10 common problem dog behaviors and how you can stop them
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As dog owners, it is our responsibility to ensure the wellbeing of our pets and take measures to prevent harm to them.
Here are ten of the most prevalent undesirable behaviours exhibited by dogs, along with some advice on how to put an end to them once and for all.
If your dog exhibits any of these behaviours, you may be at a loss for how to correct them.
Dogs are highly social animals, so it is essential that we don’t ignore them or leave them home alone all day without any supervision.
If we do either of these things, the dog is likely to develop some undesirable behaviours, such as begging to go outside when you want them to stay inside or chewing furniture when you don’t want them to do either.
Too Much of Barking
Barking too much is a typical source of frustration for owners. Check to see if there’s a reason he’s barking, and if there is, address the issue by repairing whatever may be giving him concern.
This is especially important if your dog barks excessively. Your dog may be barking as a method of expressing other emotions, such as tension or boredom.
How to stop Excessive barking
If your dog is barking because he is Bored , in this is the case, you can try to engage his energies through play or exercise. You’ll have more control over how often he does it if you can teach him to bark when you tell him to.
If your dog suffers from separation anxiety, consider giving him a toy that he can gnaw on for a long time before you leave the house.
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Play long with him with bite-resistant rope on his shoes.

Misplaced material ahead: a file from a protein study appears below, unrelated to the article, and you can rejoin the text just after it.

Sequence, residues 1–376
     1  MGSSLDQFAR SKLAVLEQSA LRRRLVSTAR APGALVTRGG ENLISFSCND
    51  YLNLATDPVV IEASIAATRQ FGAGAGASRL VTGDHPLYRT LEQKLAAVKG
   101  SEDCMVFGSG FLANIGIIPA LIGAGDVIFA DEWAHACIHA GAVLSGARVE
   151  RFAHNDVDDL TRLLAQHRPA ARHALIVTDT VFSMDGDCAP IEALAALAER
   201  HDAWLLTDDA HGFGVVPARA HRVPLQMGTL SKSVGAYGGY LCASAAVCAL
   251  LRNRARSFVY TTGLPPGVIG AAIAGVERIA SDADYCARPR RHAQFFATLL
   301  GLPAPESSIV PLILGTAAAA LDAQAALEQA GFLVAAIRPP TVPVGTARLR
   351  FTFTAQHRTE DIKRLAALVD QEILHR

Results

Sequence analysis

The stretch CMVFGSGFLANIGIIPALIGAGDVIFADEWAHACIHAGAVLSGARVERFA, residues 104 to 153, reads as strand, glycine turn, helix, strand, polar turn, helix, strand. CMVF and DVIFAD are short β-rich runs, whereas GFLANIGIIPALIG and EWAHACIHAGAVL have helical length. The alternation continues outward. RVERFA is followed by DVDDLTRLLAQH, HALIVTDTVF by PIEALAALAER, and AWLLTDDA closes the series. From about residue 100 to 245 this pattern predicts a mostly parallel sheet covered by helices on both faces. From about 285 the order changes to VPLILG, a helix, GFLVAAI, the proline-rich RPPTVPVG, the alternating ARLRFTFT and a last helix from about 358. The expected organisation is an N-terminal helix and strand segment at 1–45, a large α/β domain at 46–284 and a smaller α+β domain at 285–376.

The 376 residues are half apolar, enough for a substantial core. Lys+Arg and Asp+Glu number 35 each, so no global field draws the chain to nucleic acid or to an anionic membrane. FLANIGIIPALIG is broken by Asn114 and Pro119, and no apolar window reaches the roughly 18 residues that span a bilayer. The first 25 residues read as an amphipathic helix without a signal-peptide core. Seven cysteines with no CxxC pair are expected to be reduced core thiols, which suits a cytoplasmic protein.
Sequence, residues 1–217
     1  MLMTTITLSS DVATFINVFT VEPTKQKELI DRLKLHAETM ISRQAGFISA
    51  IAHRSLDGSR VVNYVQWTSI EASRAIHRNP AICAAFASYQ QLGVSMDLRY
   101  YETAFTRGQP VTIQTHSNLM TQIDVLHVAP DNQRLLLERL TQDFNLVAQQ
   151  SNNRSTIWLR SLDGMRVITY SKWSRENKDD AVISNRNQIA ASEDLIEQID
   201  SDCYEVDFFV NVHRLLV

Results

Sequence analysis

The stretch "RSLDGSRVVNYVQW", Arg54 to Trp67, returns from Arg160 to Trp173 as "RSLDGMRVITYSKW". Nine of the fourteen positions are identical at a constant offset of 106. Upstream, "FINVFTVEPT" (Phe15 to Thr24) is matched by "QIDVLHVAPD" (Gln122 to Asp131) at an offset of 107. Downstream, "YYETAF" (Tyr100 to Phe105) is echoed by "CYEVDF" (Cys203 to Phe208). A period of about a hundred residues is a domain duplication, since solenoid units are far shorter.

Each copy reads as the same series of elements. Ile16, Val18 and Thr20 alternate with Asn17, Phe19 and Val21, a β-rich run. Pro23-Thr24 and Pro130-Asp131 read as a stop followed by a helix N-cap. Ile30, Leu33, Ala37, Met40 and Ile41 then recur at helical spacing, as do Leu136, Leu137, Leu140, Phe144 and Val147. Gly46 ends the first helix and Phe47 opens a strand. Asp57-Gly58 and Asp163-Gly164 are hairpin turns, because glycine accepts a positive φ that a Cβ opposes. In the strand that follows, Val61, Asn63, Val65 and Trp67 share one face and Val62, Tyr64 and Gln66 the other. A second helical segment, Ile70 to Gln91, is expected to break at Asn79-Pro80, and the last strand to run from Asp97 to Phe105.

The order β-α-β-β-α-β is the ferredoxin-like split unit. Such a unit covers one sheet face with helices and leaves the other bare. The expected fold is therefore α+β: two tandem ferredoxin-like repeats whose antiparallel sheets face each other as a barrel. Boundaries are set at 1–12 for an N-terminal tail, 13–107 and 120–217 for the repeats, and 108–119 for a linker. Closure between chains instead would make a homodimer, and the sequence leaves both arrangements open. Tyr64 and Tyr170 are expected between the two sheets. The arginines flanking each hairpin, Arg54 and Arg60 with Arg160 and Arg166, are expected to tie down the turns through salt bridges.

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If you want to keep order in your house, one of the behaviours your dog exhibits that you’ll need to correct is chewing.
Other undesirable behaviours include barking and leaping. You could get lucky and be able to learn your puppy to stop chewing if you distract him with an appetising chew toy while you do it.
How to stop Excessive Chewing
It is crucial that you keep these toys immediately available for your dog because if he goes for extended periods of time without them, he may go back to his old habits of chewing on shoes or other household things.
It is important that you make these toys readily available for your dog.
You can also get your dog habituated to these toys by placing them in his food bowl just before mealtime and gradually increasing the amount of time they spend there over the course of the day until they are permanently present.There are some Toy that you can find in Amazon that looks like shoes .. here is the one I mostly use.
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Anxiety when left alone
Most dogs suffer from some form of anxiety when left alone.
Whether it’s separation anxiety, which causes distress as soon as you leave, or boredom, which means they destroy things when they get bored while you’re away, bad behavior stemming from your absence can become quite troublesome.
How to Deal with Separation Anxiety
Regardless of how long you are gone for (less than 5 hours, 10 hours etc.), there are ways to address and resolve both types of dog anxiety so that you don’t have to deal with destruction and distress when you return home.
Here are a few tips on what you can do
- Ensure that your dog has at least 20-30 minutes to eat while you’re gone from home by filling Kong-type toys with food.
- Hide your dogs food so they have to find it which can help to engage and preoccupy them.
- When dogs are left alone at home, a safe chew toy can keep them occupied.
- You and your dog may have a lot of fun playing activities like fetch and tug-of-war (before you leave them alone).
- play fetch and tug of war with your dog to keep the two of you active and entertained (before you leave them alone).
A food-dispensing toy made of hard plastic that, when pushed, nudged, or flung by your dog, will release small pieces of kibble or treats.
The Kong Wobbler's big inner treat reservoir makes for interactive, hassle-free entertainment for both you and your pet. This honeycomb-shaped device is intended to simulate the foraging habit of dogs and is designed to keep your pet guessing as it wobbles back and forth.